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Goliath gets a dose of realism: Does the average investor understand how Nasdaq’s re-evaluation of Apple’s weighting could affect markets?

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Nasdaq had to reshuffle. It hadn’t touched weightings since 1998. Nasdaq decided it’s not in investors’ interests to have one holding representing over 20 per cent of the index. And it’s right, such an over-weighting doesn’t represent an investors’  best interests.

It’s been said before, and it’ll be said again, one company’s over-weighting in an index counters the principles of proper asset diversification. Think Nortel and what happened when it was hugely dominant in the Canadian stock market. When Nortel got crushed in the tech bubble so did Canadian investors — many  watched their portfolios bomb.

Investors have definitely benefited from Apple’s meteoric rise over the last few years, however, at some point, rational thinking has to prevail. Do you really want the extra risk associated with an enormous weighting?

How many investors buying the Nasdaq know how overweight Apple is? In slashing Apple’s weighting about 8 per cent down from 20 per cent, Nasdaq’s doing the responsible thing.

Apple has been getting an enormously disproportionate share of the market due to its dominance of the Nasdaq. Apple’s been profitable but so have other companies.  In comparison, Microsoft, posting profitable quarter after profitable quarter, hasn’t been getting its due. And it pays a dividend!

Perception often rules over reality in the markets. But reality often comes back with a smack.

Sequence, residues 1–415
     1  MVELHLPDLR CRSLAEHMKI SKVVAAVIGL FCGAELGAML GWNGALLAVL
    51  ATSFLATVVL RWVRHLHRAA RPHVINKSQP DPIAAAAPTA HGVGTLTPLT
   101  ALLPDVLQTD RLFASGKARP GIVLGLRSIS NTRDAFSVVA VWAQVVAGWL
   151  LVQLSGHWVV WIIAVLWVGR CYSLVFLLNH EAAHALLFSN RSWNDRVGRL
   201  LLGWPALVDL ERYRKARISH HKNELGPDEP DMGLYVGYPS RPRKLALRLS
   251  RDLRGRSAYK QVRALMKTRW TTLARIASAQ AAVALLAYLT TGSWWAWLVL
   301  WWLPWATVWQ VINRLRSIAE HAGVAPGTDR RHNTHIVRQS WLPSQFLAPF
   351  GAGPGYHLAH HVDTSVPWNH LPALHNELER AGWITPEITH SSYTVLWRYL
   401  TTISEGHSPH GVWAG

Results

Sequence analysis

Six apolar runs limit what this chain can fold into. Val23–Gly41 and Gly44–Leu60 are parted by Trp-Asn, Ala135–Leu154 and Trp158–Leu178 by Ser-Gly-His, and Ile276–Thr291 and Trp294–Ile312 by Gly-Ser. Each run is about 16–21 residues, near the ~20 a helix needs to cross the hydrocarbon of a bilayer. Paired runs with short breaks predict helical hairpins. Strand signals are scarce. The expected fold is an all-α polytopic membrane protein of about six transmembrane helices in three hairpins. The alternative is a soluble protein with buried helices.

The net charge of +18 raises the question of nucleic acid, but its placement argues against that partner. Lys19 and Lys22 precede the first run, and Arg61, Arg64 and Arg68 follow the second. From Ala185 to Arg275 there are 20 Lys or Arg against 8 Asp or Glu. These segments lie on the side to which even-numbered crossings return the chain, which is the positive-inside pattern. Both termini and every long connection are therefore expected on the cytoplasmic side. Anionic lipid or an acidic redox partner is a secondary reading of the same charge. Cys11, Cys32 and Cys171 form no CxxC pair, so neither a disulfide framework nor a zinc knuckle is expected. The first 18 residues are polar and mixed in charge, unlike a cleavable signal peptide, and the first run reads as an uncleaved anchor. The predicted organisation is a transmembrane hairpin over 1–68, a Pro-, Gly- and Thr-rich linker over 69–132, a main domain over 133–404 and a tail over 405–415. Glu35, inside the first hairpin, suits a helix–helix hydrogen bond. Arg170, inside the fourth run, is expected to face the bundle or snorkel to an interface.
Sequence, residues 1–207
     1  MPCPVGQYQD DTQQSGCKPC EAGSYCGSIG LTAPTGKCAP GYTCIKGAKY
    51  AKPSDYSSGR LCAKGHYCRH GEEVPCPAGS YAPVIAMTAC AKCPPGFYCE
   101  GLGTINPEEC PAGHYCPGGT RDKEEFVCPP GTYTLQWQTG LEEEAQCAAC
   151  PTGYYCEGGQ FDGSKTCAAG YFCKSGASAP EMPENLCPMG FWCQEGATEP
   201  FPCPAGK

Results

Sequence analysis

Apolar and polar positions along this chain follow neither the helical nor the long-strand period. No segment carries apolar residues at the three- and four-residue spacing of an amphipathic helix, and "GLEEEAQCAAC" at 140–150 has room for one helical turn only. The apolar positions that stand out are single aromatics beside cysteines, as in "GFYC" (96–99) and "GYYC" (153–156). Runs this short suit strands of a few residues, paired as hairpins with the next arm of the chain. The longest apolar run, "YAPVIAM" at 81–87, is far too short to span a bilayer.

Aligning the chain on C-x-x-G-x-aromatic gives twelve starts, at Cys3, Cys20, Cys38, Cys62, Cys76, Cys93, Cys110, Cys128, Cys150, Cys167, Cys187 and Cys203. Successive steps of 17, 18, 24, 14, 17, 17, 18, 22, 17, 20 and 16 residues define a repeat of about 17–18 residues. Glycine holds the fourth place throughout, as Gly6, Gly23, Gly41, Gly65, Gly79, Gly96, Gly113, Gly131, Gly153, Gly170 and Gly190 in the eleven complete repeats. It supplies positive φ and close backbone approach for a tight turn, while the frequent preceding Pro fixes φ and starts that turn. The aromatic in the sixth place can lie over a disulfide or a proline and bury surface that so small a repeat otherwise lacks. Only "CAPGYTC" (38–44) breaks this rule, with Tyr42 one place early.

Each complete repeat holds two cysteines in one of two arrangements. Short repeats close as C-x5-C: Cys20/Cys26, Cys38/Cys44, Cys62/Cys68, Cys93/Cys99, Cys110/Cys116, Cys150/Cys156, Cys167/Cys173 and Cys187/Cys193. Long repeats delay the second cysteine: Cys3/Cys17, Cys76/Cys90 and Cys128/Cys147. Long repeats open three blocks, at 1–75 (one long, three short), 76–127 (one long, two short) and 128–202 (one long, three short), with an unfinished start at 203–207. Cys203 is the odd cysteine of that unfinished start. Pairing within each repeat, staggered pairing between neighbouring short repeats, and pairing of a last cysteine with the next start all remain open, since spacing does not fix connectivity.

In the short-term, there will definitely be re-weightings of Nasdaq stocks in portfolios the world over. These re-weightings should benefit Microsoft, Cisco, Oracle and Intel. Apple stock should experience some interim pressure as managers adjust their portfolios over the next month.

What the future holds is as yet unwritten, yet Nasdaq’s re-weighting of the benchmark will be a wise long-term move for the index.

While the Nasdaq is nowhere near the valuations of the tech bubble, Apple has done almost nothing but go up since the financial crisis. However, during the volatility of the crisis, it got hammered.

Portfolio managers are measured against the indices that are their benchmarks. A benchmark should never be overweight one stock. It forces managers who want to compete with the index to buy more of the very stock they should be cautious about.

Here’s a graph and story of what happened to the Nasdaq after the tech bubble, when mania overcame rational, strategic thinking.

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